As the saying goes, and I paraphrase, no death ever changed the world.
Well, the assassination of John F. Kennedy on Nov. 22, 1963, changed America.
Saturday was the 46th anniversary of JFK’s murder, and it went by with hardly a mention.
That’s history for you. It’s in the past and we are a culture that’s pretty much in the moment.
And things are moving so fast that the moment is quickly becoming a thing of the past.
Unless it’s something insignificant like what a celebrity is doing.
And the more ridiculous the more it has what they call “legs” in show business. Meaning it has staying power to last a lot longer than a news cycle. Like Jon and Kate, the Octomom, or Sarah Palin.
At no time ever is it important what a celebrity is doing.
But celebrity is shaping our future. And it’s not pretty. It’s just a continuation of the dumbing down of America. We’re that eager to thin out the herd.
We didn’t used to be like this. Not that we were so much smarter as we were well informed and ready, willing and able to challenge the status quo using insight and confidence.
But, again with the past. Another cliche —- those who live in the past are doomed to repeat it.
It’s not so much living in the past as it is learning from it.
“What’s past is prologue,” Shakespeare wrote in “The Tempest.”
John F. Kennedy continues to represent an era when a young president challenged the nation to reach for the sky and beyond — literally —– to the moon, Alice.
JFK was indeed the beneficiary of the torch passed to a new generation. His presidency took on the look and promise of a vigorous agenda. Nothing was impossible. What was once considered difficult was attainable.
JFK represented an era that promised hope and change.
But JFK was first and foremost a politician. And he was also vulnerable. The Bay of Pigs debacle proved that. A coup to overthrow Fidel Castro, it was apparently set up by Tricky Dick Nixon when he was vice president to make him look tough once he succeeded Eisenhower. Of course that never happened and JFK was left holding the bag. And with egg on his face. An utter failure.
While still in the Senate, JFK wrote the Pulitzer Prize-winning novel “Profiles in Courage.” Decades after his death, it’s hard to image adding a chapter to his own book that would include him.
Certainly JFK fared better a year after the Bay of Pigs when he stood his ground against the Soviets during the Cuban Missile Crisis, a nail-biting several days that saw the U.S. and Russia ready to undertake nuclear war. You might have studied this brink-of-World War III incident in school (unless you’re George W. Bush’s former press secretary Dana Perino —- now a contributing whatever to Fox Noose —- who never heard of it.)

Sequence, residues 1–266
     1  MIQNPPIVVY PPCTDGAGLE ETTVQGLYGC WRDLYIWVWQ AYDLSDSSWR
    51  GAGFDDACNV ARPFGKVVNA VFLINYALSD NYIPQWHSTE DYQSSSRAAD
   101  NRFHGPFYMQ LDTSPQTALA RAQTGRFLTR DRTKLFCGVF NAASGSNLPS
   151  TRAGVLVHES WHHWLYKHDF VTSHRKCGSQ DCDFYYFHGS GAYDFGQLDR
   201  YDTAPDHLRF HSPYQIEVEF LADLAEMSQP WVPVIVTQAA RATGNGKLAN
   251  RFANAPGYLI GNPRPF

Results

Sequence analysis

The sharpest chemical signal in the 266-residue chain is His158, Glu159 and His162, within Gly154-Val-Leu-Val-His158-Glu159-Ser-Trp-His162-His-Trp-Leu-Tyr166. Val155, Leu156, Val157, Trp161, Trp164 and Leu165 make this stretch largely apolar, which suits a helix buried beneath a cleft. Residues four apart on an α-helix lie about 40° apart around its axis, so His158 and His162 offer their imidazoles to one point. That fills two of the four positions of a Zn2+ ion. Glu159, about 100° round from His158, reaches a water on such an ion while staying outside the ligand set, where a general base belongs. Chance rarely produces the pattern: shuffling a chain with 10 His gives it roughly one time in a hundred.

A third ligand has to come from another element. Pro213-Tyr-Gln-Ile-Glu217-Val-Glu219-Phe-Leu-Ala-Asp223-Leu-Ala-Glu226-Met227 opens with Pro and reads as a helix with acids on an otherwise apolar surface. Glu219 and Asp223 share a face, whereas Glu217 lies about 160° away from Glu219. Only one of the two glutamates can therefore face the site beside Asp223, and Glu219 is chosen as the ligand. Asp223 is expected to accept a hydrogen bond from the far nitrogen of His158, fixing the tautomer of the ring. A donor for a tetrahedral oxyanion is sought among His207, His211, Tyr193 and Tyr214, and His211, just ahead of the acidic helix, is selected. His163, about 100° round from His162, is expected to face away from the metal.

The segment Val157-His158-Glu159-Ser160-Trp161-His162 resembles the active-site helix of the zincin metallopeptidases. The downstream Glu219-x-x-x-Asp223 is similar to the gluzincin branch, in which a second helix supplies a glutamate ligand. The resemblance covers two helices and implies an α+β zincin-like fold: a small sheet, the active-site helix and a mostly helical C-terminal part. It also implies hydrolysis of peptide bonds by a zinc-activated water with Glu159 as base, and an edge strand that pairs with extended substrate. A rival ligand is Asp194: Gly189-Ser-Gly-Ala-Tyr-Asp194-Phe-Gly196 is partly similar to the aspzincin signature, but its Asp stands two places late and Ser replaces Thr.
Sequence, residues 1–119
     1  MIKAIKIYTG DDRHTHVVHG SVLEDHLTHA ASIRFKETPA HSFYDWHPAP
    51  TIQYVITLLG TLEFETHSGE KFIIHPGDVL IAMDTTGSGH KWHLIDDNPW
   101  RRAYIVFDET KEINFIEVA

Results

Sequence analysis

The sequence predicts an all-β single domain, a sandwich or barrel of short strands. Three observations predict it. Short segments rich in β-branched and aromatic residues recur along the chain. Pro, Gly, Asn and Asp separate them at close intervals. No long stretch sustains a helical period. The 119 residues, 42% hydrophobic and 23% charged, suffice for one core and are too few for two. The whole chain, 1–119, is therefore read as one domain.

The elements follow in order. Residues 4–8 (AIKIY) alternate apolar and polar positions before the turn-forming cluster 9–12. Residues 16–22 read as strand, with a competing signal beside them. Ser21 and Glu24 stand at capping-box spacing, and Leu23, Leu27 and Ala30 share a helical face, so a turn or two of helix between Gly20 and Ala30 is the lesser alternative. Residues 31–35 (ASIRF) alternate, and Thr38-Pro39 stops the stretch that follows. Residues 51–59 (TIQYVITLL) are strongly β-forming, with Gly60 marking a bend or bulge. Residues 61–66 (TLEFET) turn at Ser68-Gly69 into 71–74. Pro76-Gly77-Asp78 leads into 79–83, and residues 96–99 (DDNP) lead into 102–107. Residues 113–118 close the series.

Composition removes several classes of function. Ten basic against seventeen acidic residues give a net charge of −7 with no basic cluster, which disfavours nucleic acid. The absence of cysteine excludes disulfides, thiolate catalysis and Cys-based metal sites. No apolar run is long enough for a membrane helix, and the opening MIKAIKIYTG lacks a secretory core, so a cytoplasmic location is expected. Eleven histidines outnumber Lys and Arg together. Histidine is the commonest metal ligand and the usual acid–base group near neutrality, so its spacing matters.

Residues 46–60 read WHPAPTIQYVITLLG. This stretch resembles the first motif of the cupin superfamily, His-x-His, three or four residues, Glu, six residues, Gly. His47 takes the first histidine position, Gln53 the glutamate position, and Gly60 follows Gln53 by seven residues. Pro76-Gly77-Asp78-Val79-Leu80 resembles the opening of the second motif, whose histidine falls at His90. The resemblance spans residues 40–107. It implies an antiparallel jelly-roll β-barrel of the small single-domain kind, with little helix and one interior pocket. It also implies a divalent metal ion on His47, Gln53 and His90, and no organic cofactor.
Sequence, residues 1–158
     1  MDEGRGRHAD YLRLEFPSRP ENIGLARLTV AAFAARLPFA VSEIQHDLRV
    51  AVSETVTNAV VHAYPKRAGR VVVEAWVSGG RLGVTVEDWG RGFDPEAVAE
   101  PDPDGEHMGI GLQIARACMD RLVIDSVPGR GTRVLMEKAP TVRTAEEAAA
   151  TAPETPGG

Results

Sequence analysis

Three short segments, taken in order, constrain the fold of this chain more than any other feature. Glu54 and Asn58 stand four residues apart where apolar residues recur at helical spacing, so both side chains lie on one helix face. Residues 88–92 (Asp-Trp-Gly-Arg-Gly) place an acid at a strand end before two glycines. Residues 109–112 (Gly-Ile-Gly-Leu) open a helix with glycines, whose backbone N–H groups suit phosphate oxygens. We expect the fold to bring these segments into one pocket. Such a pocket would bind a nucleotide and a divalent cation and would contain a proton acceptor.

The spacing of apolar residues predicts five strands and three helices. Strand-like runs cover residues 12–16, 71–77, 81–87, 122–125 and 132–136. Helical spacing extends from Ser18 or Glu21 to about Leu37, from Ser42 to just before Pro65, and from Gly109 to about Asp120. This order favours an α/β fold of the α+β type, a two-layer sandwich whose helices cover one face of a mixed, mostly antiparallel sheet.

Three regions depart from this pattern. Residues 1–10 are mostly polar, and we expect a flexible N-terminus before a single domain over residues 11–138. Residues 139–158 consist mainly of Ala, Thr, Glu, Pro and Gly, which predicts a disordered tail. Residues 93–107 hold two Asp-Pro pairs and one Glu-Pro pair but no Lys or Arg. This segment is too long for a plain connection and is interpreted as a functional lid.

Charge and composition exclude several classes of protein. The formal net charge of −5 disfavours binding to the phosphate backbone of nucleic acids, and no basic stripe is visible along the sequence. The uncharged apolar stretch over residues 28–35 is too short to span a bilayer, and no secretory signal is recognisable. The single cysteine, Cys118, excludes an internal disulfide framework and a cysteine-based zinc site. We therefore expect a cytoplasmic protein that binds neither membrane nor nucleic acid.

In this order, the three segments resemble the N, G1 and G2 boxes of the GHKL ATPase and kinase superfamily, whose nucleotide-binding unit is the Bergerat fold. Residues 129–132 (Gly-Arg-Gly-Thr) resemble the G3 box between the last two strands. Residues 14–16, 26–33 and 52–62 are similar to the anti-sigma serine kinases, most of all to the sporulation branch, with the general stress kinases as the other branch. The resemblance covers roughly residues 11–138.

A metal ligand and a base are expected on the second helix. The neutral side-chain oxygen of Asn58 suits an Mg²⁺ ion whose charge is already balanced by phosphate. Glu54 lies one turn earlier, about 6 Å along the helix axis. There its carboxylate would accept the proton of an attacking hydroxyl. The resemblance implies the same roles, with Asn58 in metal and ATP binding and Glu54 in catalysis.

OK, had he lived and run for re-election in 1964, Kennedy could’ve used the slogan “He prevented World War III.” His opponent would’ve been Barry “extremism in the defense of liberty is no vice” Goldwater, considered the father of modern conservatism and, unjustifiably, who was painted as a trigger-happy, hand on the button loose cannon.
Kennedy would’ve wiped the floor with him, considering the times.
Arguably, JFK’s real test of courage came on the home front when dealing with civil rights.
He displayed some chutzpah on the most important issue of the time, but it was apparent Congress was not going to act on legislation.
Then there was Vietnam. Many pro-JFK Monday morning historians believe firmly that had he lived and had a second term, he would not have ordered escalation.
Other historians without a jaundice eye saw JFK as a hawk, who would not have turned chicken and pulled out of the conflict.
JFK was assassinated before he had a chance to show any profile in courage when it came to civil rights and Vietnam.
It would be his successor, Lyndon Baines Johnson of Texas who would get the Voting Rights Act passed —- as a tribute to JFK, but perhaps more to the point to his effectiveness at getting Congress to pass what he wanted.
Unfortunately, LBJ’s arm-twisting also got us deep into Vietnam. The war eventually did his presidency in.
Second-guessing how JFK would’ve run his presidency had he had a second term is almost as much a parlor game as the conspiracy theories as to who really had him killed.